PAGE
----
Review by AB
The City of London’s seven historic gates – Ludgate, Newgate, Aldersgate, Cripplegate, Moorgate, Bishopsgate, and Aldgate – were first constructed in the Roman period and continued to play a central role in controlling access to the city until they were demolished in the 18th century. In this short publication, Alan Brooke explores the history of these key entry points, which were witness to some of London’s most-famous moments, from the Norman Conquest to the Great Fire of 1666. Complete with handy maps, historic images, and photos of present-day locations, the book takes readers through the evolution of the gates over time, serving as prisons, tollbooths, fortifications, and even apartments (Geoffrey Chaucer lived for a number of years in the 14th century in the apartments above Aldgate). Also considered are the churches, inns, and businesses that grew up around these locations, as well as some of London’s other important boundaries, including the bars, posterns, and water gates that were passed through by Londoners across the ages.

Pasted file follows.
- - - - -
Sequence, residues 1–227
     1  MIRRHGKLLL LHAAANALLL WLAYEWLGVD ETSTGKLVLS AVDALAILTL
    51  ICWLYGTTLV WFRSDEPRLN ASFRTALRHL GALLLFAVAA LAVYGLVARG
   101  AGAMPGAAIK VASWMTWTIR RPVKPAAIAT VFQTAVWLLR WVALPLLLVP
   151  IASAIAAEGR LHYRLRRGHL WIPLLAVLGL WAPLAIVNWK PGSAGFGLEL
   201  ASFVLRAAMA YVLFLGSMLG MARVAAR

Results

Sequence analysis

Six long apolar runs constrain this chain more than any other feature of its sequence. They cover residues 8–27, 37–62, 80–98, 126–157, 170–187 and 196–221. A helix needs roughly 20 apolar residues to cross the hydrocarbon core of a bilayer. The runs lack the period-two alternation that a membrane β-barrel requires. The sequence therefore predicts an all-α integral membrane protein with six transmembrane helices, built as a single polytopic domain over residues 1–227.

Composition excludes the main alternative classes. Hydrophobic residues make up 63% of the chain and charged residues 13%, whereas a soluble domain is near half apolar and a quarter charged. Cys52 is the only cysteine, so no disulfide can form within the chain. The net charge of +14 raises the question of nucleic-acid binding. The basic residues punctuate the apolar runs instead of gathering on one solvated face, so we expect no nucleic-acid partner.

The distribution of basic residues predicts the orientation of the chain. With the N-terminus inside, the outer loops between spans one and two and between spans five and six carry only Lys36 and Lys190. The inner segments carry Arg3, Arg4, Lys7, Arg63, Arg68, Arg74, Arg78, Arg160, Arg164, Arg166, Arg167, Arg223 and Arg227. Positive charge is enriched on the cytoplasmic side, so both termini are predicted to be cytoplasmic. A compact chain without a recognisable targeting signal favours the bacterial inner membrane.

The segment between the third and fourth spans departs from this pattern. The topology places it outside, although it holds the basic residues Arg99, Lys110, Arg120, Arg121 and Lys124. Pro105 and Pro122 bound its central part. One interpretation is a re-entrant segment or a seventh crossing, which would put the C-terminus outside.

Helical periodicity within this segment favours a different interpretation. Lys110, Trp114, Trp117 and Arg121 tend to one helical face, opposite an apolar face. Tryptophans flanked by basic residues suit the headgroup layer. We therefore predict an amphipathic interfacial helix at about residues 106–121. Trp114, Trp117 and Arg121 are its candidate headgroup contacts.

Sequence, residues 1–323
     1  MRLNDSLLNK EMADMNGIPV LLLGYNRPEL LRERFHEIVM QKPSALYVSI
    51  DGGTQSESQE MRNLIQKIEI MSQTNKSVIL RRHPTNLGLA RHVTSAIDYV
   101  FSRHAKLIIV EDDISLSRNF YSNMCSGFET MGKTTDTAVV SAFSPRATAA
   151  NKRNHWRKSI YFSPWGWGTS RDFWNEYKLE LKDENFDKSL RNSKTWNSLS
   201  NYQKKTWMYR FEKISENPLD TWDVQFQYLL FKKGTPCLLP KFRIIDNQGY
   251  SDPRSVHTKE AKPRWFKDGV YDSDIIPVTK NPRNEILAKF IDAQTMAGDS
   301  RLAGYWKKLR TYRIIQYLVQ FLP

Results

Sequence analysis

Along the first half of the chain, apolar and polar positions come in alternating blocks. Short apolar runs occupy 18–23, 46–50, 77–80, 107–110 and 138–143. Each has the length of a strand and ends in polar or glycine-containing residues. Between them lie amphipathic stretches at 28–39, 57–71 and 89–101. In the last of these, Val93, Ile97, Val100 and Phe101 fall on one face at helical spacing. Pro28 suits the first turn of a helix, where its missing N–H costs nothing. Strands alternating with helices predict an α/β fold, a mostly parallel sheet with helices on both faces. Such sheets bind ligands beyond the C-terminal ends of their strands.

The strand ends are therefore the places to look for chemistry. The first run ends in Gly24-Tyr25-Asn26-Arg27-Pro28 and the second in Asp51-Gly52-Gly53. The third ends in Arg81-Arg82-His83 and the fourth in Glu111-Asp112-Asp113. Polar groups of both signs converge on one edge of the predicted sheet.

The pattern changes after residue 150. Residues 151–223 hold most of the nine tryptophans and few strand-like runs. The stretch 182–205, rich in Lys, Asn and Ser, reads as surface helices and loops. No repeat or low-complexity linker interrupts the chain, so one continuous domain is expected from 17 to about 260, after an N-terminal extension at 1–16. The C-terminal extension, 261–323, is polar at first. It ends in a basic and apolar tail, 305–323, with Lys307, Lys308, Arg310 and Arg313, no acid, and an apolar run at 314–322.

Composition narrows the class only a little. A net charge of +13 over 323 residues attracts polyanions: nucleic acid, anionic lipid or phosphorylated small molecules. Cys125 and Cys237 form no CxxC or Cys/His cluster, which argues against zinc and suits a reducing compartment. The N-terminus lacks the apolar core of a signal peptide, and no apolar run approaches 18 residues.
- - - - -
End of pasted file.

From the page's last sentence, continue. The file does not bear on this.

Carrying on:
Gates of the City of London Alan Brooke Amberley, £15.99 ISBN 978-1398102613